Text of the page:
Working with Your Editor: What to Expect When Your Book Is in Copyediting

Catherine Cocks's picture

Guest post by Amanda Frost and Anastasia Wraight, Project Editors, Michigan State University Press

Especially for new authors, it’s natural to feel a little intimidated by the prospect of having your work copyedited. Copyeditors offer rewriting suggestions, and they pose queries and notes that may sound like they’re questioning the author’s expertise. Their work can feel intrusive. But the copyeditor’s real responsibility is to serve as one of the last readers before your book goes to press. They ask questions to help make sure what you have to say comes across clearly. They clean up typos, punctuation, citations, and any inconsistencies so that these don’t distract from your work. They want you and your book to be successful.

In order to make the copyediting of your book run smoothly, there are a number of things you will want to know and do. Generally, publishing a book differs from preparing a dissertation or an article. Most importantly, you will not receive advice or feedback for refining or further exploring your ideas from your copyeditor; there will not be multiple rounds of writing and revision. Any developmental editing will have been taken care of at this point. Your book is considered complete when it goes to the copyeditor. Although your production coordinator and copyeditor will be aiming to reconcile any inconsistencies, correct grammatical or punctuation errors, and fix typos and misspellings that may have slipped in during the writing, your copyeditor will not make or suggest major revisions to your book.

Copyediting Your Manuscript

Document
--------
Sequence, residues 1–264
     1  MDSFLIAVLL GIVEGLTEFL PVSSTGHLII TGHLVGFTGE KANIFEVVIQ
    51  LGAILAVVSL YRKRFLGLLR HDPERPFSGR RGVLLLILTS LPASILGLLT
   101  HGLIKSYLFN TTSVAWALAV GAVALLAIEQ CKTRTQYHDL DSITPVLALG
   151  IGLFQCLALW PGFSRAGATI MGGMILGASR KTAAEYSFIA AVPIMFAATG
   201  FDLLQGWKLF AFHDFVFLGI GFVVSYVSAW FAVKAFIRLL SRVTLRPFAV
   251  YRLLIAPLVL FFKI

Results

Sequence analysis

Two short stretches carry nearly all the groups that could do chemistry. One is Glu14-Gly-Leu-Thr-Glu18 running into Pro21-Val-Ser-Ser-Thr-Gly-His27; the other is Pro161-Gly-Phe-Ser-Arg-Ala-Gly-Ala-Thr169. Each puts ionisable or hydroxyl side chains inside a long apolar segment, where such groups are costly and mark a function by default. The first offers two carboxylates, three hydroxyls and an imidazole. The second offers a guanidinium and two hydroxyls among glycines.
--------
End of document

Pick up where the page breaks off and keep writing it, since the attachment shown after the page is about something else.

Although your manuscript should be considered final, you will be able to review it twice before it is published, once during copyediting and once during proofreading. During copyediting, you will be reviewing the copyeditor’s corrections of your manuscript; during proofreading, you will be reviewing the typeset pages of your book. During copyediting, you will be working with Word files (or, rarely, another word-processing program). While you are working with the copyedited manuscript, you will have a degree of freedom to make some changes and corrections to your manuscript. However, once your book has been typeset, you will not be able to make significant changes beyond correcting typos, misspellings, and the occasional misstated fact. At this stage, you are seeing what your book will look like when it is printed (either in a PDF file or, sometimes, on paper). Proofreading is not the time to rethink major aspects of your book or to polish your prose. This is why it is important to complete your manuscript before you submit it to your publisher. And why it is best to reread your entire manuscript during copyediting, paying attention to everything that you’ve written as well as the copyeditor’s suggested changes. While copyeditors are experts in applying the rules of punctuation, grammar, and citations, they may not be experts in your field. If your book uses languages other than English, they may not be able to read these passages, so you will need to use extra care when reviewing these passages during editing. is best to reread your entire manuscript during copyediting, paying attention to everything that you’ve written as well as the copyeditor’s suggested changes.